nep-evo New Economics Papers
on Evolutionary Economics
Issue of 2011‒06‒04
ten papers chosen by
Matthew Baker
City University of New York

  1. More than outcomes: A cognitive dissonance-based explanation of other-regarding behavior By Astrid Matthey; Tobias Regner
  2. The Algorithmic Revolution in the Social Sciences: Mathematical Economics, Game Theory and Statistical Inference By K. Vela Velupillai
  3. Communication, commitment, and deception in social dilemmas: experimental evidence By G. Camera; M. Casari; M. Bigoni
  4. War Signals: A Theory of Trade, Trust and Conflict By Rohner, D.; Thoenig, M.; Zilibotti, F.
  5. Formation and Persistence of Oppositional Identities By Bisin, Alberto; Patacchini, Eleonora; Verdier, Thierry; Zenou, Yves
  6. Trust, Trustworthiness, Relational Goods and Social Capital: A Cross-Country Economic Analysis By Paul Downward; Tim Pawlowski; Simona Rasciute
  7. Computation in Economics By K. Vela Velupillai; Stefano Zambelli
  8. Do Natural Disasters Affect Trust/Trustworthiness? Evidence from the 2010 Chilean Earthquake By Fleming, David A; Chong, Alberto E.; Bejarano, Hernan D.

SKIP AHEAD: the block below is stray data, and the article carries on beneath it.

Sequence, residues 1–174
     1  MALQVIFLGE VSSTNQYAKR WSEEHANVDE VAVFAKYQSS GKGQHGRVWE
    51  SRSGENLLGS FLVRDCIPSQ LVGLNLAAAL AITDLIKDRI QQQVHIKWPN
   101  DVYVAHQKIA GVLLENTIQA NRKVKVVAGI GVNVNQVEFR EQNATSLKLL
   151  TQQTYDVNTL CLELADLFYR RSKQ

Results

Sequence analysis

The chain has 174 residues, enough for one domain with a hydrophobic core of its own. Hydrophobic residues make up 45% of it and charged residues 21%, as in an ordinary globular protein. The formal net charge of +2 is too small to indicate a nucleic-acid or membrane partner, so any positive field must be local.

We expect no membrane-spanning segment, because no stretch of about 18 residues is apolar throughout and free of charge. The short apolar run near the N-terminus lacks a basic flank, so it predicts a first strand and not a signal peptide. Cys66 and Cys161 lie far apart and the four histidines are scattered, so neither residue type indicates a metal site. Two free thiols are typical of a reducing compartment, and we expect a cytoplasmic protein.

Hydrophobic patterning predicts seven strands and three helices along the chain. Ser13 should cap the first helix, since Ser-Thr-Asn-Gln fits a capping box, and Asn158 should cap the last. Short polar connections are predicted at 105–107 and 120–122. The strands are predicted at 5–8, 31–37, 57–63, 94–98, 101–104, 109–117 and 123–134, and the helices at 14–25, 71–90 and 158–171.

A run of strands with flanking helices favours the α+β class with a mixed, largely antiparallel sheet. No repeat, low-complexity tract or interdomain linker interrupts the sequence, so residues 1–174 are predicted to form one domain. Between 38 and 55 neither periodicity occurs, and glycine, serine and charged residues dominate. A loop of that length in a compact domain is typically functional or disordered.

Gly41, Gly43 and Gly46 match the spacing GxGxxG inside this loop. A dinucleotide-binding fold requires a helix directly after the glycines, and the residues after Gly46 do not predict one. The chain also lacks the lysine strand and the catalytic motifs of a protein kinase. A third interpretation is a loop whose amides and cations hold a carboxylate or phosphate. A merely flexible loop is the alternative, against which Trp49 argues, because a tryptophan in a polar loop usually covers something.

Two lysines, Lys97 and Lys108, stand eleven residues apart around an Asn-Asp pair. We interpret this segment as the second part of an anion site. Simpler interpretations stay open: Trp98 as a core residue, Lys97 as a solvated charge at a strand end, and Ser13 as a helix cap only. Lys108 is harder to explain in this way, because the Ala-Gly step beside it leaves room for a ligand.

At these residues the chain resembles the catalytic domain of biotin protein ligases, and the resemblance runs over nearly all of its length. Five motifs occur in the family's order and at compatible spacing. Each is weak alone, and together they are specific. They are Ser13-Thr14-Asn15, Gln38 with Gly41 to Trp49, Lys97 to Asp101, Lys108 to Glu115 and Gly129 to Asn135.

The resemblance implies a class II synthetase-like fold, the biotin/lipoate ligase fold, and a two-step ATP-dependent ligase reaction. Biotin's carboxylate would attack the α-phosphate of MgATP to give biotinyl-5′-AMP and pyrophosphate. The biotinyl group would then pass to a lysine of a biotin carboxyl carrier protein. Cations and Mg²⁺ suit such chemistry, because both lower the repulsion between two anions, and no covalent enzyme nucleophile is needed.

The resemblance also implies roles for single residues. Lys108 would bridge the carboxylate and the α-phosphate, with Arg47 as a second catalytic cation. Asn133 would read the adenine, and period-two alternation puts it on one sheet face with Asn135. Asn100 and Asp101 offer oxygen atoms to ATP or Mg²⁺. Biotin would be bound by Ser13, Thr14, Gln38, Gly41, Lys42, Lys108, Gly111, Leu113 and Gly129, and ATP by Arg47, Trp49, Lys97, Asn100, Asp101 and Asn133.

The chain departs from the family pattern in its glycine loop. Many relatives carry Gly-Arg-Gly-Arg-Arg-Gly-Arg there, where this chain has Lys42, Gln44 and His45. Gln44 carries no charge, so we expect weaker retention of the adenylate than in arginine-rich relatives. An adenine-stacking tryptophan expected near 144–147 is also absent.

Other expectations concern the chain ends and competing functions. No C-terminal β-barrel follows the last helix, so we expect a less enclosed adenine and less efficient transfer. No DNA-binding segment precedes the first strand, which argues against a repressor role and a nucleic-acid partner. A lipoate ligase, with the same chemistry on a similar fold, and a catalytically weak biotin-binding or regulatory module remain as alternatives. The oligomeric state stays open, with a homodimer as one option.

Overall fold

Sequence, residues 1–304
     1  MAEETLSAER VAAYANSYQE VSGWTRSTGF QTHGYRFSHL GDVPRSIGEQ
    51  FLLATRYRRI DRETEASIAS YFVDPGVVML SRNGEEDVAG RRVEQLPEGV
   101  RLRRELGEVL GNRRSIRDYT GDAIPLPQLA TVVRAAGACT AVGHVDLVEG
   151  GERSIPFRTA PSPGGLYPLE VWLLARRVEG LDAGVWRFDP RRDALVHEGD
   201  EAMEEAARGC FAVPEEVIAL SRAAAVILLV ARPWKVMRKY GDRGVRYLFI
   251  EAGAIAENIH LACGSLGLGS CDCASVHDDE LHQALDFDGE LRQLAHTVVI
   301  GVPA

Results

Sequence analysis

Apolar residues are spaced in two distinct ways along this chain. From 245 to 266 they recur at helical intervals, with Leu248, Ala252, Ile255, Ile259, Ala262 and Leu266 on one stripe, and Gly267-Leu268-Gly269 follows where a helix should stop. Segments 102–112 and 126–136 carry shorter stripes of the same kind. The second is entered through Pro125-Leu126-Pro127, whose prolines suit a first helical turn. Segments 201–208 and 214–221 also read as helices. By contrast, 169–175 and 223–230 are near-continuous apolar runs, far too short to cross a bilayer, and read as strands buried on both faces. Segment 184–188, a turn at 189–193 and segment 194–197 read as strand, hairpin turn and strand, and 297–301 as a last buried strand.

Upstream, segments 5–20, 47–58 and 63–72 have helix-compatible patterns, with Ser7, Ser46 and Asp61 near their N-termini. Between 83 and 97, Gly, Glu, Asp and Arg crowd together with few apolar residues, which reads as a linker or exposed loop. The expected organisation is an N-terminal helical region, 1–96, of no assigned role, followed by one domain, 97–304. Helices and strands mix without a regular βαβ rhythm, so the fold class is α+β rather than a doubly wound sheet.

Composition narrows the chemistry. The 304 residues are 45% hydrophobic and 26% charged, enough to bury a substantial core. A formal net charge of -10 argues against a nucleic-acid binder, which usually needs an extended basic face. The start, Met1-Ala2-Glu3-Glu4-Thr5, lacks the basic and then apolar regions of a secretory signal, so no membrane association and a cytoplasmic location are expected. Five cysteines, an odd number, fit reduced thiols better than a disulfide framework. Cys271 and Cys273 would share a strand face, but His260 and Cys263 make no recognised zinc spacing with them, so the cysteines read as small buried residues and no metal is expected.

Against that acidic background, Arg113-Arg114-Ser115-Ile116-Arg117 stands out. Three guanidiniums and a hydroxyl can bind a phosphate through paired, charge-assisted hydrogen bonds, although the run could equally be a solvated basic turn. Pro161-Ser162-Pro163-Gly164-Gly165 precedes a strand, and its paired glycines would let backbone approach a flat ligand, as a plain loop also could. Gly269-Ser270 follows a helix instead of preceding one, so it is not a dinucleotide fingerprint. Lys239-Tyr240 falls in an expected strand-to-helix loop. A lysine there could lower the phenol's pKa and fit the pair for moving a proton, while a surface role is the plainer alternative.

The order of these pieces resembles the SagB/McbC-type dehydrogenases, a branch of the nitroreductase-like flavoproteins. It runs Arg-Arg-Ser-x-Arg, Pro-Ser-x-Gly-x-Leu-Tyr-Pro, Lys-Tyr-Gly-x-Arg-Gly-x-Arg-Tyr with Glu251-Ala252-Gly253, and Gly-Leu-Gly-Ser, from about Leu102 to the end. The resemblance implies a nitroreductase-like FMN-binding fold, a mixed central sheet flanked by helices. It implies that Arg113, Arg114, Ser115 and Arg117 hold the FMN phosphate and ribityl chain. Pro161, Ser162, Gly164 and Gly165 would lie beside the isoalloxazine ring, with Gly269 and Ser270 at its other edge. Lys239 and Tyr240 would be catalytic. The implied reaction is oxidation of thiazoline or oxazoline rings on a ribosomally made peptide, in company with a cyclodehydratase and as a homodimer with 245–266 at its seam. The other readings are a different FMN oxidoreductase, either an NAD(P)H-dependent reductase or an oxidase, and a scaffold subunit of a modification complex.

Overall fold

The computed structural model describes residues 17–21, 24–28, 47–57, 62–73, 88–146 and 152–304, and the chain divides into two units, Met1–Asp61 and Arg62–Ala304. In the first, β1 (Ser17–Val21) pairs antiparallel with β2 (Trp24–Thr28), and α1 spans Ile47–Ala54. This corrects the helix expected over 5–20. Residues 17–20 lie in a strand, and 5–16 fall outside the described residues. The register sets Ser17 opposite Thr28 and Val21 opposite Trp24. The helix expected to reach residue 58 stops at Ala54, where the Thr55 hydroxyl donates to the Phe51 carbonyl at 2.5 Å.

9. Transparency, Efficiency and the Distribution of Economic Welfare in Pass-Through Investment Trust Games By Thomas A. Rietz; Roman M. Sheremeta; Timothy W. Shields; Vernon L. Smith
  10. On the Origins of Gender Roles: Women and the Plough By Alberto F. Alesina; Paola Giuliano; Nathan Nunn

  1. By: Astrid Matthey (Max Planck Institute of Economics, Jena, Germany); Tobias Regner (Max Planck Institute of Economics, Jena, Germany)
    Abstract: Recent research has cast some doubt on the general validity of outcome-based models of social preferences. We develop a model based on cognitive dissonance that focuses on the importance of self-image. An experiment (a dictator game variant) tests the model. First, we find that subjects whose choices involve two psychologically inconsistent cognitions indeed report higher levels of experienced conflict and take more time for their decisions (our proxies for cognitive dissonance). Second, we find support for the main model components. An individual's self-image, the sensitivity to cognitive dissonance, and expected behavior of others have a positive effect on other-regarding behavior.
    Keywords: social preferences, other-regarding behavior, self-image, experiments,,cognitive dissonance, social norms, normative beliefs, expectations
    JEL: C72 C91 D80
    Date: 2011–05–27
  2. By: K. Vela Velupillai